Let’s see. Halleck says that if Buell’s won a battle, don’t deliver the dispatches. If Thomas isn’t handy, don’t deliver the dispatches. All very hush-hush. Any guesses as to what these dispatches might say to Buell?
WASHINGTON, September 24, 1862.
Colonel J. C. McKIBBIN, Aide-de-Camp:
COLONEL: As the bearer of the accompanying dispatches you will proceed by the most practicable to the army of General Buell in the field.
The Secretary of War directs that if General buell should be found in the presence of the enemy preparing to fight a battle, or if he should have gained a victory, or if General Thomas should be separated from him so as not be able to enter upon the command of the troops operating against the enemy, these dispatches will not be delivered,* and you will in either of the contingence above mentioned telegraph to these headquarters for further instructions. If while en route to General Buell you should ascertain that either of these contingencies have occurred you will telegraph the facts and await orders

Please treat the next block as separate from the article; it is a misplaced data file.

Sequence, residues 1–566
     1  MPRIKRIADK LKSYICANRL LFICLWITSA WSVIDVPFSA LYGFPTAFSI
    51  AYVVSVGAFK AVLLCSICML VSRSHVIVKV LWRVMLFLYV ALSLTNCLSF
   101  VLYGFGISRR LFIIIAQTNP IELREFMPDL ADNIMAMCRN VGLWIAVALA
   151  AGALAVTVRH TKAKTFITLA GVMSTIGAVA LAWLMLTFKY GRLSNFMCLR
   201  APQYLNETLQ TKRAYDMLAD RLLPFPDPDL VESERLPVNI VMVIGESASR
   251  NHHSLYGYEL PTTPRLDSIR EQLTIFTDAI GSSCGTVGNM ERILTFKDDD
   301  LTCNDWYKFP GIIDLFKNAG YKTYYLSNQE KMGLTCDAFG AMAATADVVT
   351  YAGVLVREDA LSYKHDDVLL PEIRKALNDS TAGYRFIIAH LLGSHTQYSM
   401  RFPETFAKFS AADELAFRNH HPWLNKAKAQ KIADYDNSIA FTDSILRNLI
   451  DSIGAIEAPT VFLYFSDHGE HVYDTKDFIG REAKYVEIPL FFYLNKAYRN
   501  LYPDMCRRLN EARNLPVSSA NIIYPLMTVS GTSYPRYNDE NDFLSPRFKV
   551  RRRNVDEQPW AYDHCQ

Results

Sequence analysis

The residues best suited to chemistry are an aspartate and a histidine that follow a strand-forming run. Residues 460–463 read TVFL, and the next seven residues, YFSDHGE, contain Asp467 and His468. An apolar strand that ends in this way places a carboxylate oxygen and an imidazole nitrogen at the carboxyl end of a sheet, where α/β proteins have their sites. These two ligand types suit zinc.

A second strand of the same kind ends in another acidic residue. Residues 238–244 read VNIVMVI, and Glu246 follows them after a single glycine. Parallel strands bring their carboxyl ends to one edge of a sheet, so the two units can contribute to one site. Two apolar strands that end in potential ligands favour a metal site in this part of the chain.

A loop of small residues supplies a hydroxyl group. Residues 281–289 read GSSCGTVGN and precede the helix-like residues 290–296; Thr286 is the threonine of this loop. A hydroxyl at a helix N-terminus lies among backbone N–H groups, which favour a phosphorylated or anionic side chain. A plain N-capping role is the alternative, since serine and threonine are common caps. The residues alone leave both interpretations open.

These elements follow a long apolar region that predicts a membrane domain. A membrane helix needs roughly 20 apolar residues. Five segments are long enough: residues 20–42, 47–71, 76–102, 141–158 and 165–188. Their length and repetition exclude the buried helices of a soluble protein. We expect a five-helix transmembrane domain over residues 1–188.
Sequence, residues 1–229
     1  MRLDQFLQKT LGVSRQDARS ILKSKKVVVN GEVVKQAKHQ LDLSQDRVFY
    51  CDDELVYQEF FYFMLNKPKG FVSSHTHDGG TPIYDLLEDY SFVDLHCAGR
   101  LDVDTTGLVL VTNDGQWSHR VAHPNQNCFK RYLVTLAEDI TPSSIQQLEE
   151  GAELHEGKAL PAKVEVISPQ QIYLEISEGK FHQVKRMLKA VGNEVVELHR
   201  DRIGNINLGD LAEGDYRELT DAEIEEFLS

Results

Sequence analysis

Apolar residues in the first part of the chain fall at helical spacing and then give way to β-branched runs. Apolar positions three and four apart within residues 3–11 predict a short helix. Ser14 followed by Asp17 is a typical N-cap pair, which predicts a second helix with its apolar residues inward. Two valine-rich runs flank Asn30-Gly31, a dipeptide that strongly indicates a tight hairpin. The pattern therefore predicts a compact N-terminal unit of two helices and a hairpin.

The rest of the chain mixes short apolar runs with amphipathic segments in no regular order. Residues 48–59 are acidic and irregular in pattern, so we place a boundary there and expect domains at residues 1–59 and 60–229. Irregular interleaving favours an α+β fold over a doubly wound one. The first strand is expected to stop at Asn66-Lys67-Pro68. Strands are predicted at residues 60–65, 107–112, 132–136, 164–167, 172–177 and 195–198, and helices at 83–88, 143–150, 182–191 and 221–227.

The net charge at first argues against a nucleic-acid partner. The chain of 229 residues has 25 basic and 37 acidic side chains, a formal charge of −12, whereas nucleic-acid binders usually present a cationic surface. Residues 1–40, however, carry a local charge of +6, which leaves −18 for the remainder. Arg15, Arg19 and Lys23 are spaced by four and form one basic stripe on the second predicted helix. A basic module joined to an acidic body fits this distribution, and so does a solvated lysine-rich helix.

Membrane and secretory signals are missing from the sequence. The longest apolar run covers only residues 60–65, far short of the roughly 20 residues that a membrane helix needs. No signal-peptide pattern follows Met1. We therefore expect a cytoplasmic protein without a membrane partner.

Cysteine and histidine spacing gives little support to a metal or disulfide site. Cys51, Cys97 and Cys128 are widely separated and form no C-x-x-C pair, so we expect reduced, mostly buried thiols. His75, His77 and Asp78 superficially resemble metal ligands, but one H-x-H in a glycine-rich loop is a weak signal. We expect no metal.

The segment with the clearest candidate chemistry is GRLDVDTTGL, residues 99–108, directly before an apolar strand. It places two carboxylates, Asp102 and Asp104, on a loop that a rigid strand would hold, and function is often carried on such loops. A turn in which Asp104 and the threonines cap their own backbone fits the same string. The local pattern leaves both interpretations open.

If neither of these events should occur you will present the dispatches to both General Buell and General Thomas and return to these headquarters.
This mission is strictly confidential, and the nature of your instructions or object of your visit will not be communicated to any one.
If by any accident you should fall into the hands of the enemy you will destroy your dispatches.
Very respectfully, your obedient servant,
H. W. HALLECK,
*See Halleck to McKibbin, September 27, 29, and to buell and Thomas, September 29, and McKibbin to Halleck, September 29.